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Tillis reignites fight against international parental child abduction

U.S. Sen. Thom Tillis (R-NC) this week told the U.S. State Department that its approach to return American children abducted abroad back to the United States isn’t working and more needs to be done.

“As United States senators, we cannot simply sit by and watch the State Department continue to issue ineffective demarches while countries continue to shelter those who abduct our citizen-children. We are committed to ensuring the return of every American child abducted abroad and we will not stop working on their behalf,” Sen. Tillis wrote in a bipartisan Jan. 2 letter sent to State Department Secretary Mike Pompeo. U.S. Sen. Dianne Feinstein (D-CA) also signed the letter.

Each year, several hundred American children are abducted by one parent and taken to a foreign country, according to a statement from Sen. Tillis’ office, which added that such abductions may negatively impact a child’s mental, physical and emotional health and well-being.

Congress in 2014 approved the Sean and David Goldman International Child Abduction Prevention and Return Act, which provided the State Department with tools to compel foreign governments to return abducted American children back home, according to the senator’s statement. Such tools include official public censures and withdrawing development assistance.

Nevertheless, since the legislation became law, the State Department has continued to use demarches — or diplomatic communications — as its sole means of attempting to secure a child’s return, according to the senator’s statement.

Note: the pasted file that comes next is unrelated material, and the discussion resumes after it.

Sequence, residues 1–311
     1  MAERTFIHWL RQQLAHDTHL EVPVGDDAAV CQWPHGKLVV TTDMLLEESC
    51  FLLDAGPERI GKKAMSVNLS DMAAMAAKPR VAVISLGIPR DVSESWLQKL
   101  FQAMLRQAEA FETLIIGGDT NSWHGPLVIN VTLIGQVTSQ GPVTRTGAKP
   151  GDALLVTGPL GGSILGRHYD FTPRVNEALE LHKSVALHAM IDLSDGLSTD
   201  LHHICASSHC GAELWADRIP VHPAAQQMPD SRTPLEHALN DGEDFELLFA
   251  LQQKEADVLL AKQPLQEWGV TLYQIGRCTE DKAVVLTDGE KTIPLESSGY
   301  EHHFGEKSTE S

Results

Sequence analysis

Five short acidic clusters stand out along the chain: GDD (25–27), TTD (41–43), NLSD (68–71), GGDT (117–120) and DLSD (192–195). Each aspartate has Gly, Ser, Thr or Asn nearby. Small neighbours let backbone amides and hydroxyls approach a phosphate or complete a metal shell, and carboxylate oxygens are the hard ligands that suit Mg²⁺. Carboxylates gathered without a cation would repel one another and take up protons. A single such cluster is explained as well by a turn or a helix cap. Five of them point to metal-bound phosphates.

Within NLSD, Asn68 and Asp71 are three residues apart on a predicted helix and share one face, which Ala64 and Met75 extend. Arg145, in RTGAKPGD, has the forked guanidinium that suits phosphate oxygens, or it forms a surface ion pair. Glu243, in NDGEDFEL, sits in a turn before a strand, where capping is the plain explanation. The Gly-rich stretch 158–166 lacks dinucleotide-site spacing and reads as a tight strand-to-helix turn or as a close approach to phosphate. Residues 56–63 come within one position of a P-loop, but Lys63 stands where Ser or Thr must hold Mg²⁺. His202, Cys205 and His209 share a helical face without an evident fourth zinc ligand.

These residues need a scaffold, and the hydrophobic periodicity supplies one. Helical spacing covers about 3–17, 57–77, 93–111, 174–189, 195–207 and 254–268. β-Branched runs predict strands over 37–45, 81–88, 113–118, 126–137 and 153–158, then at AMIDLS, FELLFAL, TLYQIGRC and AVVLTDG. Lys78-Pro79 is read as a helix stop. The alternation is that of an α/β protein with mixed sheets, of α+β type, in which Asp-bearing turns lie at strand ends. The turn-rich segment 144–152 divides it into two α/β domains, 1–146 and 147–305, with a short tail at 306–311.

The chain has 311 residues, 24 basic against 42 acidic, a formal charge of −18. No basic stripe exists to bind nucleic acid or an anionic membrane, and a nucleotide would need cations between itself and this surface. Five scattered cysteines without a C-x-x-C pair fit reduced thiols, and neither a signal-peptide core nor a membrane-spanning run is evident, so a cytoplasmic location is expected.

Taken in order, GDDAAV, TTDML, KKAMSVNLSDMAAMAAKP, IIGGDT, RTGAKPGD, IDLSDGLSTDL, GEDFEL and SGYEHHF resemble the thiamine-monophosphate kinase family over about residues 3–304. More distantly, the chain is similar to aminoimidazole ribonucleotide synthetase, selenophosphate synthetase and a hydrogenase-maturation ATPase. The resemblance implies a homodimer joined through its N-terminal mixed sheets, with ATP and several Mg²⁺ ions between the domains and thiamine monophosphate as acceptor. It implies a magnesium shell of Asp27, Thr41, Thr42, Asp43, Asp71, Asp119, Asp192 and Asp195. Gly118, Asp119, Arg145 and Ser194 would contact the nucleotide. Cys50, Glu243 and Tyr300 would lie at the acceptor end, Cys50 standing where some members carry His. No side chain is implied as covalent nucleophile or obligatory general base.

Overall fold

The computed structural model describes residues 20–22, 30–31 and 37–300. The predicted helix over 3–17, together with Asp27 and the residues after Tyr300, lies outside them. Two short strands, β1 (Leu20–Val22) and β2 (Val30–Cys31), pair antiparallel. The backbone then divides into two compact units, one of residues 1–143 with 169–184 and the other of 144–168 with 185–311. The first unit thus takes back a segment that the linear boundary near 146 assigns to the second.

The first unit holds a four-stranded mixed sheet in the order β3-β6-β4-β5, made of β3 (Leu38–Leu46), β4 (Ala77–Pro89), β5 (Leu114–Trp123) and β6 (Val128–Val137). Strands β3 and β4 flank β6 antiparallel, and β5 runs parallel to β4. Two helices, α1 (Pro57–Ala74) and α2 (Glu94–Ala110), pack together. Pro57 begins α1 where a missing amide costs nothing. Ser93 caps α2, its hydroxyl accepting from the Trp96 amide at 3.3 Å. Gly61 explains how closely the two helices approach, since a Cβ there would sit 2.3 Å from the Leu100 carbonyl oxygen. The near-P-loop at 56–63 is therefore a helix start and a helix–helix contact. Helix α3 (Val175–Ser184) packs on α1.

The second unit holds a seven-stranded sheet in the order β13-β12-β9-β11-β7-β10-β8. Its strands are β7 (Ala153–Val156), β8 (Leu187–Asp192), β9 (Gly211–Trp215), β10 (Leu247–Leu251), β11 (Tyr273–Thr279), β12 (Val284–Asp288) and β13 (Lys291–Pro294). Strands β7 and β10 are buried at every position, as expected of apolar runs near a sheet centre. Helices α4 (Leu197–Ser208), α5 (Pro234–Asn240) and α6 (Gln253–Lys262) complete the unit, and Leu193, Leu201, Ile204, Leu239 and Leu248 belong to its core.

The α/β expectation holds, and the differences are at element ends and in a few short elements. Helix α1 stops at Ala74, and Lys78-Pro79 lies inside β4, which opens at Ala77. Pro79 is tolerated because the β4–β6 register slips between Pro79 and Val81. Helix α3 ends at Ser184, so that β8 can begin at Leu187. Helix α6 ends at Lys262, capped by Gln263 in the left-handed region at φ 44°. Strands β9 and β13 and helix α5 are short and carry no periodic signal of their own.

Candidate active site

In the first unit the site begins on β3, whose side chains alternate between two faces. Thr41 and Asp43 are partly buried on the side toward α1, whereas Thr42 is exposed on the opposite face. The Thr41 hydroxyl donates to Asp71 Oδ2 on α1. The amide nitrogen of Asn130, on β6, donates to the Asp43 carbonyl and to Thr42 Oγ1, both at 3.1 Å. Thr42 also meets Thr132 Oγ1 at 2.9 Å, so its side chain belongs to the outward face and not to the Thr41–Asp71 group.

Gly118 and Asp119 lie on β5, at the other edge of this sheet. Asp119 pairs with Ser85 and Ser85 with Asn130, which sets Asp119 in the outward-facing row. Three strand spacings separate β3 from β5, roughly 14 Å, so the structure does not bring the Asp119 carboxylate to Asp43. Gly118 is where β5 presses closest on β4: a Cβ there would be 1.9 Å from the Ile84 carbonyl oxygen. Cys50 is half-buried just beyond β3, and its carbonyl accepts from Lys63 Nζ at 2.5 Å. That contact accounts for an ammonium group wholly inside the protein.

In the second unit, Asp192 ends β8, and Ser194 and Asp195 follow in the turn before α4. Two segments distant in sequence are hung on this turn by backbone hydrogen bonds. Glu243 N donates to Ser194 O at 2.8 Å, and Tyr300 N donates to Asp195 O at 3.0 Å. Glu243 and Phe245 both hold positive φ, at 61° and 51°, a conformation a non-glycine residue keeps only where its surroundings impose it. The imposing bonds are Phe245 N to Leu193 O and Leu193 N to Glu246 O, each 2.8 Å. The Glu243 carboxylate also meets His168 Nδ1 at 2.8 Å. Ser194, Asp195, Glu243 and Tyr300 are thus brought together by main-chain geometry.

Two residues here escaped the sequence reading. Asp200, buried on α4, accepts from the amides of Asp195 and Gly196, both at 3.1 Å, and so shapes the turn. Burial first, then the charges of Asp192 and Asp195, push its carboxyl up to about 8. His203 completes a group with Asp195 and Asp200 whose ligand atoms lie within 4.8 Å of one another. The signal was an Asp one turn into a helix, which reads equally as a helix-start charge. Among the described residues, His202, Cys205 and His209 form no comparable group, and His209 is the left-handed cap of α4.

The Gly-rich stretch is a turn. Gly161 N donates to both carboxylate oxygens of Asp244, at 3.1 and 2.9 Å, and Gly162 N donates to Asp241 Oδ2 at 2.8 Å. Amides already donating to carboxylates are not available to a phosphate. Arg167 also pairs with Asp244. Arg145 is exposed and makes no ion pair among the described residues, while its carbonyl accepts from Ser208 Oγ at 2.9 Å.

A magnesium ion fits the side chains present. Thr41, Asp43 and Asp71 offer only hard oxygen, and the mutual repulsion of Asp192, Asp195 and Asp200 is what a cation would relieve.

“Unfortunately, a comprehensive review of past annual reports shows that the State Department rarely, if ever, goes beyond issuing a demarche,” the senators wrote to Pompeo.

And demarches aren’t effective, according to the senators’ letter, which noted that some countries, like Japan, have received several demarches, “but no additional, formal action was taken to address the problem of parental child abduction to Japan,” which continually harbors abducted American children.

In fact, both a 2018 State Department annual report and action report show that the department still isn’t using all of the tools it has at its disposal to rectify the situation, they pointed out.

“This approach is clearly failing,” the lawmakers wrote. “The number of children kidnapped from and then returned to the U.S. has shown no measurable improvement over the years. Simply issuing demarches, raising cases with foreign government officials and empty threats are not bringing children home.”

The senators urged the Department of State to utilize the tools and resources provided by law to bring home abducted American children.

“We hope you recognize the seriousness of the issue and will make it one of your top priorities,” according to their letter.

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